Saucony Breakthru Review


Color: Blue/Slime

Saucony's marketing pitch: One of our lightest everyday trainers.

Surfaces tested on: Road, ambient temperature of 22° C/71° F

Upper: Soft mesh, synthetic leather, Urethane overlays.

Midsole: Compression molded EVA foam, full length Powergrid foam insert, 8 mm heel to toe drop.

Outsole: Hard carbon rubber in heel, softer blown rubber in forefoot.

Weight: 268 gms/ 9.4 Oz for a half pair of US11/UK 10/EUR 45

Widths available: Single, medium (reviewed).

US MSRP: $ 100

You'll find a bit of Kinvara, and a lot of Ride 7 in the Breakthru. Which makes it a cushioned trainer for daily use, without the burden of extra weight. Just know that the upper fit runs narrow, so try before you bid farewell to your $100 crispy.
Saucony Ride 7, Saucony Kinvara 5/6
Good price-value, weight, consistent transition and cushioning.
No width options, mild tongue slide, forefoot can be too narrow and shallow for some. 

Sounds unfamiliar? Because it’s new, duh.

There are a couple of new faces in Saucony’s neutral running crowd this year. Namely, the Breakthru and the Zealot. The historical line-up of Ride 7, Kinvara 5 (now on 6) and Triumph ISO has a strong element of differentiation cutting across; these models are clearly separated not only by price, but also by function, and in the process targeting their own bands of loyalists.

The newly inducted Breakthru and Zealot are ‘filler’ models, blurring the line between popular neutral models. The Breakthru for example, sits somewhere between the Ride 7 and Kinvara. The Zealot, though we haven’t tested it yet, appears to do the same thing, only this time the two opposite ends are the Ride 7 and Triumph ISO. We should be able to review the Zealot soon, and hopefully that should validate our assumption.

But when we say that the Breakthru is a meld of the Ride and Kinvara, does it mean that it is a perfect balance of both? Or is it skewed more towards one model than the other? If so, which one?


Full length and independent sheet of softer Powergrid foam works its magic in the Breakthru – in the hallowed footsteps of the Ride 7.

Let’s pore over the headlining statistics here before jumping into the deeper end. The Breakthru has a 8 mm heel to toe drop, same as the Ride 7 and a full 4 mm higher than the Kinvara.

Its midsole has a full length Powergrid foam insert (not the stamped variety found on the Triumph ISO), in contrast to the heel-only treatment on the Kinvara. Outsole is fully rubber clad, a layout very similar to the Ride 7, and definitely more durable than the lightweight K5/6.


Here’s a handy overview of these three models.

Published heel stack heights are 26, 23, 22 mm for the Ride 7, Breakthru and Kinvara respectively, with the forefoot measuring in at 18, 15, 18 – in the same order. This is interesting; the heel thickness is closer to the Kinvara but the forefoot is more minimal than both.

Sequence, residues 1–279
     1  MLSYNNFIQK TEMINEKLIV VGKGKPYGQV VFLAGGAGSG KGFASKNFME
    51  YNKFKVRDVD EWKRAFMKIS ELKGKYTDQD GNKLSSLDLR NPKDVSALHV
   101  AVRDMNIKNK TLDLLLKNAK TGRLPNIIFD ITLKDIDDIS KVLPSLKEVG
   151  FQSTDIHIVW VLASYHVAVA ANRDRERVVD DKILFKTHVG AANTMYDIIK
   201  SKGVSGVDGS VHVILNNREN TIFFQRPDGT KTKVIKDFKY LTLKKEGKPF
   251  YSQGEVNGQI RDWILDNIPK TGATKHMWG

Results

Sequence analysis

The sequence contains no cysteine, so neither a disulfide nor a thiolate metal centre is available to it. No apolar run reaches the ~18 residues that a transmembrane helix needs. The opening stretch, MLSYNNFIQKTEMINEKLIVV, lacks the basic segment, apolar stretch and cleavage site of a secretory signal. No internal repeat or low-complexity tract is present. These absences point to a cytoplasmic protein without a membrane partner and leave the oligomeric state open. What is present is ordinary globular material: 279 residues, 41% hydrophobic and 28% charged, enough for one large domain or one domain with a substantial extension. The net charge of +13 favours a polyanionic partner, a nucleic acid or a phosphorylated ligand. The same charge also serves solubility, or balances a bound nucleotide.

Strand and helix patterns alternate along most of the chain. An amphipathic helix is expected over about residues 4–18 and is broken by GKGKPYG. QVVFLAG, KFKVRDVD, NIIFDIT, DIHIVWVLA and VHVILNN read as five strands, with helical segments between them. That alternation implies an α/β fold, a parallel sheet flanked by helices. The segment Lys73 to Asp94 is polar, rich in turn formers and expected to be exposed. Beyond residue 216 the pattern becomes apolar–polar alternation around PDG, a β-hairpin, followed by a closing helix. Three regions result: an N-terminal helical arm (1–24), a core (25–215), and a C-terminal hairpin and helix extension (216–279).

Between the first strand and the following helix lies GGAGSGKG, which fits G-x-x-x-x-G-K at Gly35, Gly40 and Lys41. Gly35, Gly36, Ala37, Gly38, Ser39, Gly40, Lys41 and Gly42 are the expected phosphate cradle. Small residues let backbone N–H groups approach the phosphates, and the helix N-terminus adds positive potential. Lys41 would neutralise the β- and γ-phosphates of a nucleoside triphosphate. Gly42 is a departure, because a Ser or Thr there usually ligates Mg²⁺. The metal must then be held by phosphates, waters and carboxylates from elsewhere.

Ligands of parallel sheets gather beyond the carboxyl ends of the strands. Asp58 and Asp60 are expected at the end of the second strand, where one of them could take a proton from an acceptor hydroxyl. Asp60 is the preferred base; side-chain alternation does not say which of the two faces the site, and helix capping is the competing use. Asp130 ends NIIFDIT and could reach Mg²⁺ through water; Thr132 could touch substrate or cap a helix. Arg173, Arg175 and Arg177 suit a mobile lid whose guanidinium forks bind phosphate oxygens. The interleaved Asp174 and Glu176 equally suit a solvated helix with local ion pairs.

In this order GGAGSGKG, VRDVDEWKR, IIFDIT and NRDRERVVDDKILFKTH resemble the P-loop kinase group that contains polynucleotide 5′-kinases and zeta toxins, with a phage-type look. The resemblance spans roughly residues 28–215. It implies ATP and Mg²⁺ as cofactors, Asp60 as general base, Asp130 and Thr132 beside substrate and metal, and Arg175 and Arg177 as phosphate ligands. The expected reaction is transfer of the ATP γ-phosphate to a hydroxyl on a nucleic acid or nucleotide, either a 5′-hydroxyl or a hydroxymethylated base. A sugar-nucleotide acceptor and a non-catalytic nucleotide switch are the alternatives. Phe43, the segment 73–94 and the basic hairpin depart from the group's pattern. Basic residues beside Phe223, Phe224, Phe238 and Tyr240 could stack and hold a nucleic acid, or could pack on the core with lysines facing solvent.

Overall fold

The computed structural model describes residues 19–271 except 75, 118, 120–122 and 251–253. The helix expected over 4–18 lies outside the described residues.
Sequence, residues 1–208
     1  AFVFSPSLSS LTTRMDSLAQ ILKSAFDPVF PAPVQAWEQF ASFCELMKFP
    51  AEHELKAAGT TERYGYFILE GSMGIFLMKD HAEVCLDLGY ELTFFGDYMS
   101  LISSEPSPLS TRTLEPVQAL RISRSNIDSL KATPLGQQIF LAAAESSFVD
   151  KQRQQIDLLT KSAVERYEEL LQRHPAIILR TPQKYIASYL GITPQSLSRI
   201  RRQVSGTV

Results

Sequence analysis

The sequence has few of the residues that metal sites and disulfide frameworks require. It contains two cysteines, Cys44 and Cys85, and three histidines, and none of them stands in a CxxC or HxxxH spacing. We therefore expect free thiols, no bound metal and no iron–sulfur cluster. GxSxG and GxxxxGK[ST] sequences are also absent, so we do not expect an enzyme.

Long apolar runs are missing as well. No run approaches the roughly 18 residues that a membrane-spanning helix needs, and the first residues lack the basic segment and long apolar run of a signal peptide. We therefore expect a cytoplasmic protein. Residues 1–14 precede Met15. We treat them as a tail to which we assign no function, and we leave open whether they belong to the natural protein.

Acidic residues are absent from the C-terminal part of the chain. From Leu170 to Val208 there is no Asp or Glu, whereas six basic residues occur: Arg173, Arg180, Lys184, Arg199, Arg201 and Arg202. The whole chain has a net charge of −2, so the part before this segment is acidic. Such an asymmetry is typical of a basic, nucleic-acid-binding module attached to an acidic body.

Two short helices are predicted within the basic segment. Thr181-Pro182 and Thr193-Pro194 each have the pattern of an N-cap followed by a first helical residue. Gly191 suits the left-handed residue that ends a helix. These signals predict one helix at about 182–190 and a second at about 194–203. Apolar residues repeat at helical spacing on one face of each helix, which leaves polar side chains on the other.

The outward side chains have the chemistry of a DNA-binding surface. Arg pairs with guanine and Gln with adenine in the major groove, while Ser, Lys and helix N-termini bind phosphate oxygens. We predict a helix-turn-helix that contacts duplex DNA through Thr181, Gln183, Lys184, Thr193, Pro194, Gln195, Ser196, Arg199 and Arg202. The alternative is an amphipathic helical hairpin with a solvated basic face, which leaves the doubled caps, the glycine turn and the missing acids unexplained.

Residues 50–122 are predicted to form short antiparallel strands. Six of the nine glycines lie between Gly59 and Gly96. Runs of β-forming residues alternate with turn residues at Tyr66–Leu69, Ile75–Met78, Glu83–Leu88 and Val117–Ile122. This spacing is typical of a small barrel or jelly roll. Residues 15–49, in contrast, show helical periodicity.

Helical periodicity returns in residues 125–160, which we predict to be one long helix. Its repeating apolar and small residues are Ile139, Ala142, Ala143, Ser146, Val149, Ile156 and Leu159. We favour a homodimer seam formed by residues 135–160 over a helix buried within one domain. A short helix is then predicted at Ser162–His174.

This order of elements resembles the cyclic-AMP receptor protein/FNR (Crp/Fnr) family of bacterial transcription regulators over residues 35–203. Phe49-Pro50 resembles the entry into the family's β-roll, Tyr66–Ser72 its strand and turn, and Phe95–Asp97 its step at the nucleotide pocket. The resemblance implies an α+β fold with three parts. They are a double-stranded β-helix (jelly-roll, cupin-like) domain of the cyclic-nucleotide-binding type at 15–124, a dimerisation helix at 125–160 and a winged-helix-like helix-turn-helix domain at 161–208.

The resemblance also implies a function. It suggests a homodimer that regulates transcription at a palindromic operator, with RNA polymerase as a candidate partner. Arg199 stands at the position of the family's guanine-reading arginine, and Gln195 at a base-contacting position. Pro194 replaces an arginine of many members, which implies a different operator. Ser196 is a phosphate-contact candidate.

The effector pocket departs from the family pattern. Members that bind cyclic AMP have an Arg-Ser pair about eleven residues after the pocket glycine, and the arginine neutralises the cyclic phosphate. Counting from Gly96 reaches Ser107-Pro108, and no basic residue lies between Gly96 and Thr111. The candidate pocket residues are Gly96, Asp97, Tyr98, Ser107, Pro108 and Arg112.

And when it comes to weight, the Breakthru lies bang in the middle. For a US 11, it pushes down the scale at 268 gms/9.4 oz, which is nearly the exact average of 292/10.3 (Ride 7) and 240/8.4 (K5).

Well then? On the face of it, the data does not present a clear conclusion, because all these specs are means to an end, and not the end itself. You can sift through the clutter of empirical measurements all you like, but in the end there are only two things which really matter – how the shoe rides, and how the upper fits.

And in that context, the Breakthru is a closer match to the Ride 7, never mind the Kinvara-matching $100 price. Want that opinion in approximate numbers? We’d plug this shoe at a mix of 75% Ride 7 and 25% Kinvara, both in form and function.


The Breakthru shares the 8mm offset and cushioned insole with the Ride 7.

Key to this line of thinking lies in how the midsole is designed, and consequently, how it functions. The Breakthru’s 8 mm drop and the full length Powergrid insert makes it the Ride 7’s blood relative in cushioning feel, and the Kinvara’s distant cousin.

The heel area might not have a separate crash pad, but the lateral midsole wall has a similar flare and compression groove like the Ride 7. Oh, and before we forget, the removable insole is also identical to the Ride 7; a soft, foam molded insert made with identical material.


Might not have the separate SRC crash pad, but the heel works out cushioned nevertheless. Less than the Ride 7, but more than the Kinvara.


Exposed outsole area provides both cushioning and weight centering by splaying during transition.

That makes the Breakthru a very well cushioned shoe in the heel, with a certain level of responsiveness delivered from the lime green hued Powergrid. The lack of the softer SRC foam crash pad on the lateral side reduces cushioning compared to the Ride 7, but it still ends up being softer than the Kinvara.

The wide groove on the outsole – the one which spans from heel edge to forefoot and helps transition – has a depth which is more or less similar to the Ride 7. It splays out on impact, and performs a contributing role in how the cushioning feels.

One trait makes the Breakthru stand out when compared to the Ride and Kinvara, and that’s the forefoot. As highlighted earlier, the nose end of Breakthru’s midsole is thinner by 3 mm (approximately 20%) than the other two, and that makes for a nicely connected experience when in motion. There’s better ground feel and feedback than the R7 and K5, and at the same time the Powergrid layer and blown rubber coverage filters out any potential bone jarring sensation.


The forefoot lies lower than the Ride 7 and Kinvara, and visually splays outwards. Good for planted feel and front-end stability.